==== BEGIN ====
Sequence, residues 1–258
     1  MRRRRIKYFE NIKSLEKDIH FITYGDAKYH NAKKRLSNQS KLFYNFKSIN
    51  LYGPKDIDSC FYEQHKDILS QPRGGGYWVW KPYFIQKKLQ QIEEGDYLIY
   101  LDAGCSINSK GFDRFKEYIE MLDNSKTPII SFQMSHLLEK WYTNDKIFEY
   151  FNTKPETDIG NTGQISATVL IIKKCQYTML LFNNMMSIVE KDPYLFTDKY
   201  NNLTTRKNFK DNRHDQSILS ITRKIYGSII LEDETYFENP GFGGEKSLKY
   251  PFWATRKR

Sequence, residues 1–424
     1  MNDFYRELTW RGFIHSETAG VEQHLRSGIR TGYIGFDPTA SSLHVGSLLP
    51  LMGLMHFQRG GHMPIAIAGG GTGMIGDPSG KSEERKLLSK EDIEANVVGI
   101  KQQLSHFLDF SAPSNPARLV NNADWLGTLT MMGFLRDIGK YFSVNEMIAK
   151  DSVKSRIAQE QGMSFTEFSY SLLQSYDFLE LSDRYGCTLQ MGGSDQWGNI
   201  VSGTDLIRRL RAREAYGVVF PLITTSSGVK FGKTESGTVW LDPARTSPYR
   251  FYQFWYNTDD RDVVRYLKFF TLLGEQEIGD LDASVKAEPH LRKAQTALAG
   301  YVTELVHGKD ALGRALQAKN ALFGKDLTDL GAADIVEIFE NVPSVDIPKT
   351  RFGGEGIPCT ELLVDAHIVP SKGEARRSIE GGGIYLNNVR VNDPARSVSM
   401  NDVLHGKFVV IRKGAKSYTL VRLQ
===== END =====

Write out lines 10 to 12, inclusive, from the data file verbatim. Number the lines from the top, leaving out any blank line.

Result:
    51  LMGLMHFQRG GHMPIAIAGG GTGMIGDPSG KSEERKLLSK EDIEANVVGI
   101  KQQLSHFLDF SAPSNPARLV NNADWLGTLT MMGFLRDIGK YFSVNEMIAK
   151  DSVKSRIAQE QGMSFTEFSY SLLQSYDFLE LSDRYGCTLQ MGGSDQWGNI